“Frozen” (2013), 8-10:04 p.m., ABC.
December is a time
for families to snuggle up and watch shows together. Here a gem that
is ideal. It started with a Hans Christian Andersen tale, then added
all the Disney touches -- gorgeous artwork, a funny snowman and great
songs handled by gifted singers.
Idina Menzel and
Kristen Bell star, joined by Josh Gad, Jonathan Groff, Santino
Fontana and more. The film won Academy Awards for best animated
feature and for the powerhouse ballad, “Let It Go.”
II: “The Dick Van Dyke Show – Now in Living Color!” 8-9 p.m.,
We're not too crazy
about the title, with its exclamation mark and it's “Living Color.”
(Is there a “dead color,” a “zombie color,” a ...) Still,
this is part of a great trend: By adding color by computer, CBS has
introduced new generations to some great comedy.
“I Love Lucy”
was first; now here are two favorite episodes of the Van Dyke show.
The first has a flashback, with Rob and Laura (Mary Tyler Moore)
recalling their son's birth. The second has hilarious moments, when
Laura tells the world that Rob's boss (Carl Reiner, the show's
creator) has a toupee.
ALTERNATIVE: “Critics Choice Awards,” 8-11 p.m., A&E.
Each year, award
shows seem to keep nudging earlier. Now this one jumps to the front
of the line, running five weeks earlier than it did last year ... and
before some of the films have reached theaters.
recognize “Sully,” “Arrival” or “Hacksaw Ridge”; other
best-picture nominees are “Fences,” “La La Land,” “Lion,”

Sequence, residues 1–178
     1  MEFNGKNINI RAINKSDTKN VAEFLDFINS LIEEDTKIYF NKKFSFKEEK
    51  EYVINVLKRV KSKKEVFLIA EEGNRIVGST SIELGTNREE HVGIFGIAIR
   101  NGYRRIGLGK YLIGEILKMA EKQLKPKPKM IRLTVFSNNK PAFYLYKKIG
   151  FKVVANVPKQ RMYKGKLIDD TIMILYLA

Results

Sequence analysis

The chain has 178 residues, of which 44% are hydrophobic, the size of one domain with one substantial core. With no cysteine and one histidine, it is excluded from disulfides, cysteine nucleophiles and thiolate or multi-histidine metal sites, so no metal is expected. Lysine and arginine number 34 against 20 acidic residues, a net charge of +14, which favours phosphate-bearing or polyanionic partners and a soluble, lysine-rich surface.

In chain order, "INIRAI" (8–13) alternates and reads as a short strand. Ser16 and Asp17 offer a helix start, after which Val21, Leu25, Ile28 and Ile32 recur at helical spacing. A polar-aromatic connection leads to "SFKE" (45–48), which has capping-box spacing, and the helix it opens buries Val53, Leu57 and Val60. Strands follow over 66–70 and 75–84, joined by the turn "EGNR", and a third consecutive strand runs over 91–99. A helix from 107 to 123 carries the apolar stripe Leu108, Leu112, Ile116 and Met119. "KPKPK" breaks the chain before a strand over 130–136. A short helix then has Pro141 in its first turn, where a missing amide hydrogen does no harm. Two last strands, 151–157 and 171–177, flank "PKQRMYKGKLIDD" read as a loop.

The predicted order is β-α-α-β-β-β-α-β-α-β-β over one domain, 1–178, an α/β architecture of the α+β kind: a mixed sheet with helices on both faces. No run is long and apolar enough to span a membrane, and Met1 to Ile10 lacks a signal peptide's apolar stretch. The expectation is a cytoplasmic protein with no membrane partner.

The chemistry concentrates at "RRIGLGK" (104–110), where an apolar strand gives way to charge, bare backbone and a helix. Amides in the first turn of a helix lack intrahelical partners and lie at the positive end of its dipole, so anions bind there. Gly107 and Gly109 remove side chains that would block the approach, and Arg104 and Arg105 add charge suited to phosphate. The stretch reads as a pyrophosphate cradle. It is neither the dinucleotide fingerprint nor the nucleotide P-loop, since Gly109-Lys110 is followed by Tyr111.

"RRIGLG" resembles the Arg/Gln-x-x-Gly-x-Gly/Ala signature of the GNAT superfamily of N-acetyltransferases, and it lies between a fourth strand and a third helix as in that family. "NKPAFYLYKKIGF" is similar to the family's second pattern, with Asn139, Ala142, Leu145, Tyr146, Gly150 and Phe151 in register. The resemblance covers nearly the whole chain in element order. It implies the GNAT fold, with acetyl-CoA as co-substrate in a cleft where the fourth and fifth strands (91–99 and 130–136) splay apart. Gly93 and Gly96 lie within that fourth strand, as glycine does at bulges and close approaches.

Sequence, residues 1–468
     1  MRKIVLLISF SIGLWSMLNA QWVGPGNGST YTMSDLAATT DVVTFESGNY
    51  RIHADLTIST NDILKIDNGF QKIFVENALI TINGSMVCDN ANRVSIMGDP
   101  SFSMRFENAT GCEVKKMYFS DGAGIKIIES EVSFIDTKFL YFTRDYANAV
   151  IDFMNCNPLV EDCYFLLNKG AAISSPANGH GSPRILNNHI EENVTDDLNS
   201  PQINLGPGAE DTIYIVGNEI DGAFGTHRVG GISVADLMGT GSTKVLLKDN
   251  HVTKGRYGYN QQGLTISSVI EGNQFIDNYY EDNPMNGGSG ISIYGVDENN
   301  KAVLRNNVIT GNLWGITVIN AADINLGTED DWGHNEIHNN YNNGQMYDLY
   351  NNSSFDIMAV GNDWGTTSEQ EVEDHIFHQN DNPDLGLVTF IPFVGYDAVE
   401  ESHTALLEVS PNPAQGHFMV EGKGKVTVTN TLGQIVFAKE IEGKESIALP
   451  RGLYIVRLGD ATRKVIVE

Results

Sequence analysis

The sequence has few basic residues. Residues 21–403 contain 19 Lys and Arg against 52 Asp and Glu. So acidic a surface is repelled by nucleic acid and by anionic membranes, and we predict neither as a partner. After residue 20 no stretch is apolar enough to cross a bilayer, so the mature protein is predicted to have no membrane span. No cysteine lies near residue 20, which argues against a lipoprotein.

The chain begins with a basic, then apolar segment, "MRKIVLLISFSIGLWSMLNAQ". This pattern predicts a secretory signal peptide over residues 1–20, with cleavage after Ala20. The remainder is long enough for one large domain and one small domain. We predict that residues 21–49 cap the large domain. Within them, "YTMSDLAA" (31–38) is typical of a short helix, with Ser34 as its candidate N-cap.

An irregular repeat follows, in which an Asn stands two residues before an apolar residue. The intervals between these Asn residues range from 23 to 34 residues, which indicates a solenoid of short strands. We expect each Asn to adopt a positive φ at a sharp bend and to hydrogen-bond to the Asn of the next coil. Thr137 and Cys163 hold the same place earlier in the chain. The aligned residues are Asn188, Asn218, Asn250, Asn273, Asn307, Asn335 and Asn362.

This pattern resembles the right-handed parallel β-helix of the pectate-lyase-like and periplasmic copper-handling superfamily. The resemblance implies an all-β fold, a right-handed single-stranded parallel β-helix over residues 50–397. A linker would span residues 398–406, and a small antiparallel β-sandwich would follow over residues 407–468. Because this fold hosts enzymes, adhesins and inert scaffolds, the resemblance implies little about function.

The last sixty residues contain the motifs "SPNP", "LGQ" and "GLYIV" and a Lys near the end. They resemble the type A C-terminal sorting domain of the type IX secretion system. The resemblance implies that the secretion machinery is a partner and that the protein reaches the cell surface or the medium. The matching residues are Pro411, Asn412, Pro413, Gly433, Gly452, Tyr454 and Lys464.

“Loving,” “Moonlight,” “Hell or High Water” and
“Manchester by the Sea.” TV has familiar titles (“Game of
Thrones,” etc.), plus newcomers for best comedy (“Atlanta,”
“Fleabag”) and drama (“This is Us,” “Westworld,” “The
Crown,” “Stranger Things”).
ALTERNATIVE II: “Great Performances,” 9-11 p.m., PBS (check local
Here is amazing TV –
perfectly filmed and acted and (we're told) quite well-written.
Still, that doesn't mean it's for everyone. It's Shakespeare's “Henry
VI, Part I,” starting a three-Sunday “Hollow Crown” series.
Those of us not steeped in old-England history and verbiage will have
to scramble to keep up.
Let it wash over
you, without worrying about details. Director Dominic Cooke has made
this violent tale poundingly cinematic and has a stunning cast. Hugh
Bonneville (“Downton Abbey”) is especially terrific, as a
good-hearted man who loves both his scheming wife and his
“Ho Ho Holiday
Special,” 7 p.m., Nickelodeon. Here's a rerun of last year's
special, which found a way to lump most of the channel's stars into
one hour. Invited to a big party, they find that it's a trap set by a
madman (voiced by Diedrich Bader). Now they must figue out how to
8 p.m., Fox. Spending Christmas with the Simpsons, Krusty tries to
impress his daughter. Meanwhile, little Maggie is haunted by a creepy
Lies,” 8 p.m., Fox News. This views the oft-overlooked blacks in
the Revolutionary War.
“Son of Zorn,”
8:30, Fox. The handy thing about being the child of a mixed marriage
is you might get more gifts. Alan's mom has Christmas; his dad has
Grafelnik, the Zephyrian holiday of revenge.
9 p.m., CBS. Elizabeth rushes to prevent a war between Israel and
Iran. Also, her daughter hopes the president's chief of staff will
recommend her for Harvard Law School.
“Love You Like
Christmas,” 9-11 p.m., Hallmark Movies and Mysteries. A piano
teacher (Lindy Booth) learns her student's father is trying to buy
the school. That's one of three new Christmas films. Also at 9, Ion's
“A Husband For Christmas” has a marriage of convenience. At 8,
Hallmark's “Love You Like Christmas” sees car trouble dump a busy
executive (Bonnie Somerville) in Christmas Valley.
p.m., CBS. Shinwell has been framed for a gang-related killing.
Holmes and Watson have three days to clear him, before he's sent back